Alden Bell’s The Reapers Are the Angels reminds me of nothing so much as True Grit with zombies. It’s plain spoken and profound at the same time, anchored by a tough girl who is trying to do the right thing in a violent world. Unlike True Grit, there’s no one to protect and guide Temple. She’s on her own, with a vengeful man on her trail. In that way, it’s sort of True Grit in reverse. With zombies.
We meet Temple in an isolated lighthouse somewhere in the Florida keys. When a zombie (or “meatskin”) washes up on shore, Temple pulls up stakes and returns to the mainland to find a safer place to live. For a fifteen year old girl, however, the living are just as dangerous as the dead. Temple soon runs afoul of Moses Todd, a giant of a man with a lecherous brother. Temple kills the brother in self defense, and Moses starts to chase her all over the ruined Southern landscape.
Temple is not a bad person, though she constantly fears that she is. She questions what is right and wrong. She desperately wants to do what’s right, even if it is hard. For a large portion of the book, she shepherds a mentally challenged man to Texas to try and find his family. But she is constantly put into situations where she must answer with violence. She’s good at it; she’d be the first to admit it. But one comes away with the impression that this is what scares her most of all: her satisfaction with bloody jobs well done. Temple is a born soldier. She just can’t seem to make peace with that. Her bloody jobs haunt her. Her guilt drives her on as much as her need for safety.
I love these ethically thorny books, and not just because they make me wonder what I would do in similar situations. I love ethical dilemmas because they push us to really consider what is right and wrong. I’m pragmatic, and I would argue that ethics–for the most part–have to be decided based on the situation. But Bell uses this book to also look at the repercussions of the decisions, even when they were clearly the right ones in the situation.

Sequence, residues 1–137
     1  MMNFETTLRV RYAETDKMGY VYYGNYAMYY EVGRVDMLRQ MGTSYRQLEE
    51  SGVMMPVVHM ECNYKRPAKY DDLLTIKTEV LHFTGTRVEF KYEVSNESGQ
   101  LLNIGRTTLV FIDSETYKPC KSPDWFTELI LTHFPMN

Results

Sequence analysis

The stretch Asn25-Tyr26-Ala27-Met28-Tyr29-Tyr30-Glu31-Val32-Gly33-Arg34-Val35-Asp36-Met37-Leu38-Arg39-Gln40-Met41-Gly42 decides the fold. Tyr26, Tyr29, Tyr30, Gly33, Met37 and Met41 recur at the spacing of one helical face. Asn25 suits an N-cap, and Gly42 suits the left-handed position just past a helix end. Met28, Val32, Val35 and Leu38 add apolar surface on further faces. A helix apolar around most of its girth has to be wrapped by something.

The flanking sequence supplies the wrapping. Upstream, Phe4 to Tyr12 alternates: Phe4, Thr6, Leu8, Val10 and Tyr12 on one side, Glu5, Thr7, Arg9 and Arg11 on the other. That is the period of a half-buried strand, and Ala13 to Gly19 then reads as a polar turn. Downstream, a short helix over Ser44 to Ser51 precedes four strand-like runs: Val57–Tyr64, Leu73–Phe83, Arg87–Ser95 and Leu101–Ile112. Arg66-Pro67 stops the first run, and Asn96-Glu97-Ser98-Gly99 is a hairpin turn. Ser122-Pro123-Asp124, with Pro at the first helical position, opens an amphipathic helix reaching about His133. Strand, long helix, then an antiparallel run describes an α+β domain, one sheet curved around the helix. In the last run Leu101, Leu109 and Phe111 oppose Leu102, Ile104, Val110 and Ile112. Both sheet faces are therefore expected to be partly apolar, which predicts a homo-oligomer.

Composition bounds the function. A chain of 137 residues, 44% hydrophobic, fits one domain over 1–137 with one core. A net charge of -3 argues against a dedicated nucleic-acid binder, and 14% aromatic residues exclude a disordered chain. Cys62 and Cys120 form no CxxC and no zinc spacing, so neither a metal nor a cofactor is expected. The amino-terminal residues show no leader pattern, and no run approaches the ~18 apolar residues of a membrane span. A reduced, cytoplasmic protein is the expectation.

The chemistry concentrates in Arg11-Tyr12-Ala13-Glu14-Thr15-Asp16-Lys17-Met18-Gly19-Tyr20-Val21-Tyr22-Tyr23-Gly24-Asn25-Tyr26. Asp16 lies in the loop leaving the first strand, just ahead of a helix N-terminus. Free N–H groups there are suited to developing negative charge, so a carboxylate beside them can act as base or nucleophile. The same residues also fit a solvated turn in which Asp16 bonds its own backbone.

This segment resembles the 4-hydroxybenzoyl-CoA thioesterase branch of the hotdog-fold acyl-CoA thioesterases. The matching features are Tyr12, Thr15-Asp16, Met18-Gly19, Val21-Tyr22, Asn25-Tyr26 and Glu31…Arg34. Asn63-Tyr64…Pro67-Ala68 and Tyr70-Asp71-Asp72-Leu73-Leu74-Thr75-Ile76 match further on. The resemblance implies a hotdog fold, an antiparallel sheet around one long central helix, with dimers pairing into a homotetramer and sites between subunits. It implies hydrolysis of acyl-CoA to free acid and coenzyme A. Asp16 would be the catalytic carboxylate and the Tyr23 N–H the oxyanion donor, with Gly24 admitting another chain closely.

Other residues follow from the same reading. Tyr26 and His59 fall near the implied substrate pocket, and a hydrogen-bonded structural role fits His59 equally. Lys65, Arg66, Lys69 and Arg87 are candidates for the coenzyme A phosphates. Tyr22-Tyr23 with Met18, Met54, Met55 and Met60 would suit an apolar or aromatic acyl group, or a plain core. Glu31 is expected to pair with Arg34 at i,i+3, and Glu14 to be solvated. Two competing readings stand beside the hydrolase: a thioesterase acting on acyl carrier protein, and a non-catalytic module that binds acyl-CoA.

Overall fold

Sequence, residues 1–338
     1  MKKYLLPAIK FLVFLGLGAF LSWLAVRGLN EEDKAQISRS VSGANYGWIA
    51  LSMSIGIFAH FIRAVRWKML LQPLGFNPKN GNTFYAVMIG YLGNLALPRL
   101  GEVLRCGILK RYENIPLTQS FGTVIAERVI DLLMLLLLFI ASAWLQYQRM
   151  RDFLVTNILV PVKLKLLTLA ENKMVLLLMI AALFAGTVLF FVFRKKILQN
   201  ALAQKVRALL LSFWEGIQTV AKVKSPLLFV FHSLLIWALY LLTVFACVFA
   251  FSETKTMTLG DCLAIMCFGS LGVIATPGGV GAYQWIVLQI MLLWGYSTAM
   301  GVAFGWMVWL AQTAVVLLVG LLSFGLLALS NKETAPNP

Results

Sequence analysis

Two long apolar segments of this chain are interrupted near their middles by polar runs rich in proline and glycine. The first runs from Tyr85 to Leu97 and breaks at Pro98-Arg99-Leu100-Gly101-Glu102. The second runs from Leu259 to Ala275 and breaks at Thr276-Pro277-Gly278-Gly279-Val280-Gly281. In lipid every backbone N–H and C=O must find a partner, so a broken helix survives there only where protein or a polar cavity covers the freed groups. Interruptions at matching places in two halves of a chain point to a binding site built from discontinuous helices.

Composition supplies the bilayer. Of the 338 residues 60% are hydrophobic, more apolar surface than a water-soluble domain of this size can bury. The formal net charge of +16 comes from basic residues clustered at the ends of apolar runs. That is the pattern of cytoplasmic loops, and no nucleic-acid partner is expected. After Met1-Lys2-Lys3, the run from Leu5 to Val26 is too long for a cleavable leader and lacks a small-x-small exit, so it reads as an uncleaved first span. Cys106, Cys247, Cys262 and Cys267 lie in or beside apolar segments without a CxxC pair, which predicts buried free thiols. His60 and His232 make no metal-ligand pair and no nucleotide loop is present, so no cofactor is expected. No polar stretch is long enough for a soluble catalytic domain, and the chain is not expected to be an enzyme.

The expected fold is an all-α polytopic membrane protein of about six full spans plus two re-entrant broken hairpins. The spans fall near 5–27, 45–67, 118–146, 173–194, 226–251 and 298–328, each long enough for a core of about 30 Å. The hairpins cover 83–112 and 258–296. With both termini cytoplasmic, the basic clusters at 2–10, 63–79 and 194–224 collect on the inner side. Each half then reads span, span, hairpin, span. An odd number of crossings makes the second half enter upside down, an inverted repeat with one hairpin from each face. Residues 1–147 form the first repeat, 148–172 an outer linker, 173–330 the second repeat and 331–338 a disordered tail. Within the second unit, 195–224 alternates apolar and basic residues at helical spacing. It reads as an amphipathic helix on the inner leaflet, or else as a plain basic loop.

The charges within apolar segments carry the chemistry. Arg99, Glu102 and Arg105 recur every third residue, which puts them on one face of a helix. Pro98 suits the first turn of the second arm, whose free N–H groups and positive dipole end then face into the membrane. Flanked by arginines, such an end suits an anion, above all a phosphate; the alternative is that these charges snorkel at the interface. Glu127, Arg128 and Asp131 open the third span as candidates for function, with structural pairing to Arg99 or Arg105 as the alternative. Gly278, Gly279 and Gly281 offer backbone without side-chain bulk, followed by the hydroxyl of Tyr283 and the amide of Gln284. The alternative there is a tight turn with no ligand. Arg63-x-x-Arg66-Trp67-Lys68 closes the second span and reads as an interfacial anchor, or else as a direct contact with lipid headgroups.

This book has great characters and a great plot. But what made me really love it was the language. It’s plain, sure, but Bell is capable of creating beautiful images with it:
She watches the fire and feels sleepy, and when she pokes it with a stick, the embers fly up into the air like a crazy squadron of insects and then simply disappear as if they’ve gotten lodged in one of the many folds of the night. (161*)
Temple twists English a little, creating malapropisms like aerodynastics. But she’s far from stupid. As she points out later in the book, when she should have been in school, she was surviving. She speaks a bit like the characters in Firefly–that’s really the only way I can describe it. But I could read her for hours because I love the way she bends a phrase.
In a way, it’s a shame that the book is so short. This is a rich environment for stories and characters. But on the other hand, if it had been longer it would have been tempting to natter on about guilt and ethics and right and wrong and utterly suck the life out of the book. I can tell that this is a book that rewards multiple readings.
I’m really looking forward to Bell’s next book. He’s the sort of writer that elevates the genre.
* 2010 trade paperback edition.